How security agencies get citizens' phone records from telecoms firms
Phone companies are well used to police and security agencies requesting records from people's phones.
"There is an agreed process between the authorities and telecoms operators," said a senior executive of one of the country's largest phone providers. "We all have dedicated officers in departments who look after requests."
Most requests received by telecoms companies come under the Communications Act of 2011, which says that either the Gardai or the Revenue can request citizens' phone records "for the prevention, detection, investigation or prosecution of a serious offence". The Gardai can also do this for "the saving of human life".
As for what they can ask for, this includes names, addresses and "data necessary to identify the location of mobile communication equipment".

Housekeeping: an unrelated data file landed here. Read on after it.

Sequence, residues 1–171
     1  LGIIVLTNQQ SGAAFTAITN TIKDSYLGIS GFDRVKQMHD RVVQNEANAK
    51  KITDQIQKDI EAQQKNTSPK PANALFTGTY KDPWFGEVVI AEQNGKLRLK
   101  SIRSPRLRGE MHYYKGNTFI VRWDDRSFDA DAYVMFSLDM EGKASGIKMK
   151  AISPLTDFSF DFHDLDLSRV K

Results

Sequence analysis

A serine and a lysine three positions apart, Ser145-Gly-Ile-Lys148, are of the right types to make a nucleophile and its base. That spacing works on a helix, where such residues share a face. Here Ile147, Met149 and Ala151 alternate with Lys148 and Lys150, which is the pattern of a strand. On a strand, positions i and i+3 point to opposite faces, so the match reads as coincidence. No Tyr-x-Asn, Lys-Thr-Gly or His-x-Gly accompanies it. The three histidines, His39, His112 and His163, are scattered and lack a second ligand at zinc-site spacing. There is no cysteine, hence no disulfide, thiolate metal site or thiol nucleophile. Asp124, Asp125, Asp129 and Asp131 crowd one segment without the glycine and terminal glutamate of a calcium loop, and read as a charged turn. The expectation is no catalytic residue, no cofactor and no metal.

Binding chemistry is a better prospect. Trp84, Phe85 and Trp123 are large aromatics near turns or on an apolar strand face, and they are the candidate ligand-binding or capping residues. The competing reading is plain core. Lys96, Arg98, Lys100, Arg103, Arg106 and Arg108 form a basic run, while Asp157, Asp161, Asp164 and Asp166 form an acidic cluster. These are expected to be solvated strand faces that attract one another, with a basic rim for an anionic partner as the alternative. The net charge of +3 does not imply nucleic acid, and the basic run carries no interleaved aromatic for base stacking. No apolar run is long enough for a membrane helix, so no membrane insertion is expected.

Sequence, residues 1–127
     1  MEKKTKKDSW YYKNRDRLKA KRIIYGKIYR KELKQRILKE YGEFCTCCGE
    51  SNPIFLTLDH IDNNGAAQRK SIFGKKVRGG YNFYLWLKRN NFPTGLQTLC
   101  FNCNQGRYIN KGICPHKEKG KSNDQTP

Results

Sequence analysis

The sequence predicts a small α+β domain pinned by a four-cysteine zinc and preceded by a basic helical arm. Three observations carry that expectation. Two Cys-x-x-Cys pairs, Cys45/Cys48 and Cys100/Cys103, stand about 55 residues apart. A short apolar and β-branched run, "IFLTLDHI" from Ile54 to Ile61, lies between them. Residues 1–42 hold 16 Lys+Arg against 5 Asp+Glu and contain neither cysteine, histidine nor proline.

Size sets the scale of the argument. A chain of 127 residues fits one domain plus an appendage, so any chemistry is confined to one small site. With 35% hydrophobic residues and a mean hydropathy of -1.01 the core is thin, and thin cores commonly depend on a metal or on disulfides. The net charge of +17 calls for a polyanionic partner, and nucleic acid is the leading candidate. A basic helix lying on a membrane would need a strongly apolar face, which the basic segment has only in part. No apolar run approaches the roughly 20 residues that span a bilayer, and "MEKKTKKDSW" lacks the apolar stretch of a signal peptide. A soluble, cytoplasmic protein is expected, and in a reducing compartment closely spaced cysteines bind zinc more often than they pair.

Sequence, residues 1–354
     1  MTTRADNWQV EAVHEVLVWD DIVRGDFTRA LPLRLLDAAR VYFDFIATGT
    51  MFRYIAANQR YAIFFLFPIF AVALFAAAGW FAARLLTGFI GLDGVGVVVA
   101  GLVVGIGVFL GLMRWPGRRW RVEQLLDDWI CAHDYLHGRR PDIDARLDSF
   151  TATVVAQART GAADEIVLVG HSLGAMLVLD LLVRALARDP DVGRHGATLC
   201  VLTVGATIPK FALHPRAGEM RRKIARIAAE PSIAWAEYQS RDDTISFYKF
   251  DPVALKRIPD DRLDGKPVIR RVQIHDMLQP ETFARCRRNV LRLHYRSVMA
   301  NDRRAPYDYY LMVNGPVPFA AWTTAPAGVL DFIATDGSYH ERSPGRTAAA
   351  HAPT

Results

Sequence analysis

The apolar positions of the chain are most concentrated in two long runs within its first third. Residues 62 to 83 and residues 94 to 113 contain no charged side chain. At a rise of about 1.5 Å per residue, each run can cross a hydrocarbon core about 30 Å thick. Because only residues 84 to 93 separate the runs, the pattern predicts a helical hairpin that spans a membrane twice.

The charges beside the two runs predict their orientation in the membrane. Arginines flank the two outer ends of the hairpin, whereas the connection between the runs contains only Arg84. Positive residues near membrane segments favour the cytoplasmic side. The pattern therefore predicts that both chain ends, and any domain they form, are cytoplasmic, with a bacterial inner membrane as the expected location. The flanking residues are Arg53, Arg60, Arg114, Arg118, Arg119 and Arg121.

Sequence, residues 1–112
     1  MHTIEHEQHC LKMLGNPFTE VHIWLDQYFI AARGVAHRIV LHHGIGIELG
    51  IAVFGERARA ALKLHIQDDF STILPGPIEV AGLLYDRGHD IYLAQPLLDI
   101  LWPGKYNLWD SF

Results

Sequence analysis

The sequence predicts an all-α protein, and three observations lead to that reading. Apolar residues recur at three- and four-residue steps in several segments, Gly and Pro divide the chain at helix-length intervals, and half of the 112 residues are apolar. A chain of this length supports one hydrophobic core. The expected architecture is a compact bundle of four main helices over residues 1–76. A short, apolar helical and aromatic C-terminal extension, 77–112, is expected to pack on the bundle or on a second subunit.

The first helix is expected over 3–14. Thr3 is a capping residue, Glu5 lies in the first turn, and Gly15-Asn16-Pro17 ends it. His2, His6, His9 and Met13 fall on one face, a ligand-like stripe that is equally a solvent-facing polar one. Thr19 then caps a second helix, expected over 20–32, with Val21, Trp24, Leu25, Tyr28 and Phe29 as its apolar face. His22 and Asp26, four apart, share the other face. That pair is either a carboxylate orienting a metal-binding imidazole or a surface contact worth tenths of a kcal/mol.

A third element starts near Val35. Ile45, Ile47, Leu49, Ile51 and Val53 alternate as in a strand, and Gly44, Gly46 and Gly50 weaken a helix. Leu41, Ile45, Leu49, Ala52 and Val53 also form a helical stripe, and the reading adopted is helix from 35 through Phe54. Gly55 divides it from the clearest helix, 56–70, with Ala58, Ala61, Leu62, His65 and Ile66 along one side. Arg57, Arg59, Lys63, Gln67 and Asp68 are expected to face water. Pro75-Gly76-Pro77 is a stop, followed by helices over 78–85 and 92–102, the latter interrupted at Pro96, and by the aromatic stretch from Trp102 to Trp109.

The requests have to be made by very senior officers, such as a chief Garda superintendent, a GSOC commissioner, a principal officer of the Revenue or an army colonel. More invasive requests, such as surveillance, can be made under the 1999 Telecoms Act and the 2009 Criminal Justice Act.
Both mobile and fixed line firms are affected. Web providers such as Google and Facebook are also liable to state requests for customer messages and emails. Only Vodafone gives any indication of the scale of state requests -- 7,973 in the last 12 month period measured -- received by Irish operators.